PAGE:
Vexillology– the study of flags

vex·il·lol·o·gy   [vek-suh-lol-uh-jee]


the study of flags.


Origin: 1955–60;  < Latin vexill ( um ) flag, vexillum-o--logy

Related forms

vex·il·log·ic  [vek-sil-loj-ik] vex·il·lo·log·i·cal, adjective

vex·il·lol·o·gist, noun


vexillographer is one who designs flags. If you're a vexillologist, you study flags. 

Flags are a unique method of communication. They represent people, governments, agencies, multi-national groups, families, and more.

Flags are, by necessity, intended to be recognized from great distances. They carry unique elements of design that are meant to identify the organization, people or government that they represent.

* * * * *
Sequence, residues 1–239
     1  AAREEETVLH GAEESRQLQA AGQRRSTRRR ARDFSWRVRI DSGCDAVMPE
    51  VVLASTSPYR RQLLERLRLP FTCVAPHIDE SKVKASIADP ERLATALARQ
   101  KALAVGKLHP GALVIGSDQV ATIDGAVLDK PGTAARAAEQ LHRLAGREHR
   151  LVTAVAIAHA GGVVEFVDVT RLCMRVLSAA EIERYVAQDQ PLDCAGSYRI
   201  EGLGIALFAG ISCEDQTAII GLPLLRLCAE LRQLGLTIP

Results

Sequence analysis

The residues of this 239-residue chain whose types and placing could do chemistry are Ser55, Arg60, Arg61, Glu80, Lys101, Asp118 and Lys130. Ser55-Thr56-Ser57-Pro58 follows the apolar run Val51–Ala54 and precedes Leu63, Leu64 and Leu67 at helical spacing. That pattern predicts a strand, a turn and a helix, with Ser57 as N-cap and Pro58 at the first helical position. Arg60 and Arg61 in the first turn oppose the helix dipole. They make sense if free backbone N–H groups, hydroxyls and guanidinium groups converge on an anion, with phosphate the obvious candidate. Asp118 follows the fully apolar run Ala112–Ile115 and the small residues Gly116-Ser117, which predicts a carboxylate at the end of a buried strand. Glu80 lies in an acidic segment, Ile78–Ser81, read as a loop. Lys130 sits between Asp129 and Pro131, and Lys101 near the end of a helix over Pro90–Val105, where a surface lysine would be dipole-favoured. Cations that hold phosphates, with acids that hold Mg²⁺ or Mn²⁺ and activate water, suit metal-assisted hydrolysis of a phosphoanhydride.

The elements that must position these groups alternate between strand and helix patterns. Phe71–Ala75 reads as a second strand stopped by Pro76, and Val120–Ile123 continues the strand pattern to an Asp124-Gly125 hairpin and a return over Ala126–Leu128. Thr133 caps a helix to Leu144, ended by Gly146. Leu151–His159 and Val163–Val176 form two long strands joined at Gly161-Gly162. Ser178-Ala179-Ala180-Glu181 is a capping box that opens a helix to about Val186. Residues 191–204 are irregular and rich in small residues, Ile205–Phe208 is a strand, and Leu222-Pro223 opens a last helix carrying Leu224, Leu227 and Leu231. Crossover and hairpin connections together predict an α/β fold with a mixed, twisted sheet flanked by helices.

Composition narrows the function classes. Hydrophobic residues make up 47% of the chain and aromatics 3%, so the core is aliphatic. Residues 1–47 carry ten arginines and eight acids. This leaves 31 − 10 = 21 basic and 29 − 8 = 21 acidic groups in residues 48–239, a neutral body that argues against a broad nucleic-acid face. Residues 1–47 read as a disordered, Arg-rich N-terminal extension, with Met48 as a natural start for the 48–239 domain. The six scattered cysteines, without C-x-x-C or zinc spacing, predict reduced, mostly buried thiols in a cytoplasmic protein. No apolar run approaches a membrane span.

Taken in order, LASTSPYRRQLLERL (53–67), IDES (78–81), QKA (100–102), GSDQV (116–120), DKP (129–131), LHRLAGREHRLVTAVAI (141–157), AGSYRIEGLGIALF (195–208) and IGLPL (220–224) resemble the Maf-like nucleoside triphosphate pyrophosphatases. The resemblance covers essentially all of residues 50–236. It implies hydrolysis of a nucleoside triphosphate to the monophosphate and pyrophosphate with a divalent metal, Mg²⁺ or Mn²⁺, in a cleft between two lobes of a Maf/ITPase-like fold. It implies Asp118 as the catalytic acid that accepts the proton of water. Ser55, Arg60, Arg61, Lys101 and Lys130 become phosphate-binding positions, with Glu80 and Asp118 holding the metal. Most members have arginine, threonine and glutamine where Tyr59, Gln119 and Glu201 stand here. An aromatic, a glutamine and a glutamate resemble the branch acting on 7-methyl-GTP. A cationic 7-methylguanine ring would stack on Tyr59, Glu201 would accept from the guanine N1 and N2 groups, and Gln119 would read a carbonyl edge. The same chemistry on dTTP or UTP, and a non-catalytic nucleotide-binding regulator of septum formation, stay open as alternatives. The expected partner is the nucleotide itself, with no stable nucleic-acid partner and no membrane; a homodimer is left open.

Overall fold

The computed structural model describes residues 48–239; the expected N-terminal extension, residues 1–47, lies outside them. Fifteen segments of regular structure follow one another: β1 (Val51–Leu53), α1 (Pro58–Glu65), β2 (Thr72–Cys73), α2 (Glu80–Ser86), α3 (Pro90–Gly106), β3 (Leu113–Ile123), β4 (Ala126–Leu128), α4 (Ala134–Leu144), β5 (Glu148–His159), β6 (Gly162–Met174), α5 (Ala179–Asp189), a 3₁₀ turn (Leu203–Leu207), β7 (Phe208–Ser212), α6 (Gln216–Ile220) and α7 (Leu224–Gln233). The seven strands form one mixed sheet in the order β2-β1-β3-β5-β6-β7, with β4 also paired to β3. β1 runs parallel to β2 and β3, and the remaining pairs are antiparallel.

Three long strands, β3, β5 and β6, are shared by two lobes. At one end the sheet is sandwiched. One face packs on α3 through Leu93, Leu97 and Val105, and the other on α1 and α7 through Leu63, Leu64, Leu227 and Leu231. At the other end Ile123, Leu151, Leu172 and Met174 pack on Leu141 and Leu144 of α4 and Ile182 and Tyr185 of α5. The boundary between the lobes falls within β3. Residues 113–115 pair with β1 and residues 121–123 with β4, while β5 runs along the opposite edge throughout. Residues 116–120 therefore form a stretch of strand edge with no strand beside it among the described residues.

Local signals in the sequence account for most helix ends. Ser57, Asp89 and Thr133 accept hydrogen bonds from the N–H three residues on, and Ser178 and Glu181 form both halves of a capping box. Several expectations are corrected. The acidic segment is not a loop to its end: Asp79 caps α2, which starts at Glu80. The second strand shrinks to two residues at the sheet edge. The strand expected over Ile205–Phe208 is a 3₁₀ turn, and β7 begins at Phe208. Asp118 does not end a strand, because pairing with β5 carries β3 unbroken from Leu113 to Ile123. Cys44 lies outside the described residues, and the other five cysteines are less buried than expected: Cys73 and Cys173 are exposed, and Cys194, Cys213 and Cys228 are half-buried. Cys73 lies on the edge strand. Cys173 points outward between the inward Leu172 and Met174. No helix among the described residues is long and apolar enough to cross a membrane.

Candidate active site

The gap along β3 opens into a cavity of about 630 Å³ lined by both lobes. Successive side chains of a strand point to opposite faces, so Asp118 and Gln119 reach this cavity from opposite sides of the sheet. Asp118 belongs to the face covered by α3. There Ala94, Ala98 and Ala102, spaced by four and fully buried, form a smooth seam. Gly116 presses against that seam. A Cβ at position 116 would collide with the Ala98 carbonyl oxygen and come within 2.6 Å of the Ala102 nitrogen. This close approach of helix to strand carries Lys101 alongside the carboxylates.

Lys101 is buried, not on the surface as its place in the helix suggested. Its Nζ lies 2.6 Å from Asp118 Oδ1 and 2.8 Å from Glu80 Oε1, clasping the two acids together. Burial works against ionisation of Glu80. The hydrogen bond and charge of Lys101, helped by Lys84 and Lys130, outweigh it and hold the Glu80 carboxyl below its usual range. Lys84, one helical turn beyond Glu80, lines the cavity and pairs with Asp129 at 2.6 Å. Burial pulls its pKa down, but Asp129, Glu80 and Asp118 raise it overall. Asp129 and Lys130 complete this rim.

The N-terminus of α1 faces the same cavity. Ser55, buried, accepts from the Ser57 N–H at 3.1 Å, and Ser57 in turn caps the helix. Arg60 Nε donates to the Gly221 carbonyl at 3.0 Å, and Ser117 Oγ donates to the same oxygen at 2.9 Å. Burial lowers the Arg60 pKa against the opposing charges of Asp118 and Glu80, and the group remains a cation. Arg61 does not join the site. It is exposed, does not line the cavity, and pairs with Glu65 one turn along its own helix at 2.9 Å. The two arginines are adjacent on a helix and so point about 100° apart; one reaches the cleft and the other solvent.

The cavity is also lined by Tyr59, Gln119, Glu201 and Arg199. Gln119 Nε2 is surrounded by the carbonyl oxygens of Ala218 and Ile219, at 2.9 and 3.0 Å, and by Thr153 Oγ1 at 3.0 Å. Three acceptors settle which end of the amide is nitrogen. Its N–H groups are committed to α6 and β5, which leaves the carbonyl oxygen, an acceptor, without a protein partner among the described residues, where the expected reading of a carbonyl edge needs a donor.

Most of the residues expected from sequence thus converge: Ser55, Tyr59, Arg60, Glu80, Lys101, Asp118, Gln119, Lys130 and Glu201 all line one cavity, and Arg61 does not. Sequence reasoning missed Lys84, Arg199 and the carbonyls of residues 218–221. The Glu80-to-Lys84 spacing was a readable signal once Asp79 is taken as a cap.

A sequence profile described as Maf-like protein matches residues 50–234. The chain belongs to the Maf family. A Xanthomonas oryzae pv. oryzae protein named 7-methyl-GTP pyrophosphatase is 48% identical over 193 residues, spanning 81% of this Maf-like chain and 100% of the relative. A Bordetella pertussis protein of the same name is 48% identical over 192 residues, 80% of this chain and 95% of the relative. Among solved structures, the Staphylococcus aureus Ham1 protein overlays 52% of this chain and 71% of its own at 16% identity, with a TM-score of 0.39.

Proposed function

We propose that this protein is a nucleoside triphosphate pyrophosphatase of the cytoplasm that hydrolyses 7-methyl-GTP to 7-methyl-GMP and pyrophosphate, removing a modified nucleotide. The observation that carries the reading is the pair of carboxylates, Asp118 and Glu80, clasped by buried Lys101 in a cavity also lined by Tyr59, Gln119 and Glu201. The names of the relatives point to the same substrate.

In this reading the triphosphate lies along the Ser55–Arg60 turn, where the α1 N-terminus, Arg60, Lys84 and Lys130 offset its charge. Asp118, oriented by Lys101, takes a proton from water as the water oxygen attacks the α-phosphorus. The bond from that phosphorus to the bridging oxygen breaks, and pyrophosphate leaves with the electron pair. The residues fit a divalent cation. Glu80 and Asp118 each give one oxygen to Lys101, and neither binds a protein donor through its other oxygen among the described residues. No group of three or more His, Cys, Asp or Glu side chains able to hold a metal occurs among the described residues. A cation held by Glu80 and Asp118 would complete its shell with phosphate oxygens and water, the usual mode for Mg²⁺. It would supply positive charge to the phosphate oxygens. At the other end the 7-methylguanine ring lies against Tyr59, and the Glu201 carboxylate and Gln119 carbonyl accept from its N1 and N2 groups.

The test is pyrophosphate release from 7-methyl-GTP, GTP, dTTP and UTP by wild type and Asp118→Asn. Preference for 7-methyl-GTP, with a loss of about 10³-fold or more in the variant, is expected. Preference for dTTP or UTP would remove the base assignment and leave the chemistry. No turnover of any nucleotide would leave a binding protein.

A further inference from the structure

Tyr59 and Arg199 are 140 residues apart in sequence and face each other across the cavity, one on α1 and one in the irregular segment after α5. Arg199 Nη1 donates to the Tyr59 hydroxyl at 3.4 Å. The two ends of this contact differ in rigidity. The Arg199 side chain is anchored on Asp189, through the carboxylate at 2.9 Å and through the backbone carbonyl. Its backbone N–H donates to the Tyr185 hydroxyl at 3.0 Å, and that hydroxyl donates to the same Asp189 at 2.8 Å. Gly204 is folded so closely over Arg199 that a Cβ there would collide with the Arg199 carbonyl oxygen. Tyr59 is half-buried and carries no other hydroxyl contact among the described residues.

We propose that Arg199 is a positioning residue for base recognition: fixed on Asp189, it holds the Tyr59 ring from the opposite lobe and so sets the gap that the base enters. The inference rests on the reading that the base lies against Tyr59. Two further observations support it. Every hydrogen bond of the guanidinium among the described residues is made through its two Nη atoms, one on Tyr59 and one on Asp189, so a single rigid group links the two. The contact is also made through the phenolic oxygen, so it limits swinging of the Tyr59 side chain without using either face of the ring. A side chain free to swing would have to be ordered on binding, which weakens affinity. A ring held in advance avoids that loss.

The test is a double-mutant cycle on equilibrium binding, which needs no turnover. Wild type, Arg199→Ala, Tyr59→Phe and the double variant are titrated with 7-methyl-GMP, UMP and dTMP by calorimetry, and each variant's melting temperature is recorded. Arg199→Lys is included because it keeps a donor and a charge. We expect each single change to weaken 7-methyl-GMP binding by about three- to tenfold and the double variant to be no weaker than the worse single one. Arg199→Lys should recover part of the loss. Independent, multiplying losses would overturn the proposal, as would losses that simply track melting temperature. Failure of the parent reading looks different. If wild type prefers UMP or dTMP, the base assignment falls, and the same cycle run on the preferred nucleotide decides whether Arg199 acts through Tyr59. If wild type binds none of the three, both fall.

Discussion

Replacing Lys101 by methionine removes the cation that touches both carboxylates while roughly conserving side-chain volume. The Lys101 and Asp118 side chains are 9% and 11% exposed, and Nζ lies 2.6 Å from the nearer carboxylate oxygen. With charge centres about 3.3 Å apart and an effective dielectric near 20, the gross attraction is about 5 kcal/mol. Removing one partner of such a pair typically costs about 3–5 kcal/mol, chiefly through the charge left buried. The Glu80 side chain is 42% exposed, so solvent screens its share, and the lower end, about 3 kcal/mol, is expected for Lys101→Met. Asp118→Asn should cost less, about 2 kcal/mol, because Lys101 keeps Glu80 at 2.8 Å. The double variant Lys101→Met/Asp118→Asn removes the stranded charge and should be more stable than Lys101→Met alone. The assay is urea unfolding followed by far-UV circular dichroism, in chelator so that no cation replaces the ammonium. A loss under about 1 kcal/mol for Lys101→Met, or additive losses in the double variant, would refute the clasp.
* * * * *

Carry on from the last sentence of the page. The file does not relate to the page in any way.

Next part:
In North America, the study of flags is lead by the North American Vexillological Association (NAVA). Their website is rich with information about flags, and if you are interested in this field, you are encouraged to check them out.

One article that might be of particular interest to someone interested in good flag design is NAVA's "Good Flag, Bad Flag." This article offers great insight to the standards by which great flag design should be judged. 


Click here:  Good Flag, Bad Flag


Portland NAVA

Your new Oregon flag designer is also a member of the Portland Flag Association, the local chapter of NAVA.